One thing I remember very well from high school…..The Honor Society. I don’t remember it from being a member – I remember it more because of the snobby, “I’m smarter than you” attitude of the members in this “elite club.”
I remember being teased about my grades not being good enough, or that my average was inflated because of my grades for being in music ensembles (hello, Mark McNulty!)…here’s the thing – if not for those “fluff grades”, I might not have gotten accepted to the Ithaca College School of Music on the spot (both vocally and instrumentally….THANK YOU, Dave Unland!), and I would not have had such tremendous opportunities as a professional musician (see Cole, Natalie).
I don’t know if things have changed since 1986, but as we are now such a fractured society in terms of race, social class, gender, and just about everything else you can think of, I can’t help but think about how these seeds of division are created based on academic performance. As we now know much more about ADD and ADHD, as well as a much better understanding about different modes of learning, who’s to say that you’re a smarter human being just because of a grade point average?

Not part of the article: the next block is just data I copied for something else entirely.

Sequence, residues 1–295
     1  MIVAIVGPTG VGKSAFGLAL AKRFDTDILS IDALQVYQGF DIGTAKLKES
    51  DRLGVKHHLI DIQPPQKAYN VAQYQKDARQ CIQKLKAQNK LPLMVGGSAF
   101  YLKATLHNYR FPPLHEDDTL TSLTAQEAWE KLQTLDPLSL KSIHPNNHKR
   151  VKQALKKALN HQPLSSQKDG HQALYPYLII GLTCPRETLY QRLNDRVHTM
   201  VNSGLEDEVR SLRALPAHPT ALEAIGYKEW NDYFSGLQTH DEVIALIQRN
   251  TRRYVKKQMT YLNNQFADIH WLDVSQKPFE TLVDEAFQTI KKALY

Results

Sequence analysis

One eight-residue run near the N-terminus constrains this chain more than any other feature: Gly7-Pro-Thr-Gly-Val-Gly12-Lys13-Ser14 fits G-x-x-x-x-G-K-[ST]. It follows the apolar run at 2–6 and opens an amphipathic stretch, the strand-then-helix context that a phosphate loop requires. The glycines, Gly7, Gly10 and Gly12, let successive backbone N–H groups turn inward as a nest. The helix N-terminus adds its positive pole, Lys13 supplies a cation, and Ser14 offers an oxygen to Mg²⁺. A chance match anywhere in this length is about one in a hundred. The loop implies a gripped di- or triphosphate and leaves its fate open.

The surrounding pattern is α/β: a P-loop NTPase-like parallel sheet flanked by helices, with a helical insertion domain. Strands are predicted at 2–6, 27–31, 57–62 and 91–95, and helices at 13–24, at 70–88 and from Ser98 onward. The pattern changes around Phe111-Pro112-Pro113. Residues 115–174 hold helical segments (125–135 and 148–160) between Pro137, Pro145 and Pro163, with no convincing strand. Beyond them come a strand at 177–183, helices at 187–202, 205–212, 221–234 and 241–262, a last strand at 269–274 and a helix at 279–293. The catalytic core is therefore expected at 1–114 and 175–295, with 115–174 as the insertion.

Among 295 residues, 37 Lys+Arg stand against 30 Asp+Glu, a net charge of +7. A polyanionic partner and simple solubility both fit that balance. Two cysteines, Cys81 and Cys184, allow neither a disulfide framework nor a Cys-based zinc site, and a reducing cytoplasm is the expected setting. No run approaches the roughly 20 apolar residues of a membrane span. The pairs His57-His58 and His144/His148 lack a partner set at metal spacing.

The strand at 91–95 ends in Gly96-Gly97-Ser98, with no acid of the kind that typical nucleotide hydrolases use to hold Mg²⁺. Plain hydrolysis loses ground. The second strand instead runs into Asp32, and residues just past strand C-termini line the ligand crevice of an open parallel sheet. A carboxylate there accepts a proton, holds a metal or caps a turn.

Don’t get me wrong – in no way am I trying to diminish the success or careers of those who were Honor Society members….just like the jocks, the stoners, and the band geeks, we all fell into a certain group….some groups used their athletic and/or academic prowess as cause for feeling superior….I still think about that when I’m gigging, because I wouldn’t change what I’m doing as a professional musician to be a “brainiac”.
I remember seeing a bumper sticker back in the day that said “my dog just ate your honors student” …..although “my dog just shit all over your honors student” is funnier, I can only imagine the death stares I’d get from other drivers if I had that bumper sticker on my car.
To anyone who ever felt slighted or teased because of your grades – keep your chin up….WAY UP…we all have our unique gifts, and God knows we live in a world now where compassion and respect are far more important than just getting good grades.
And there’s a lot of honor in that.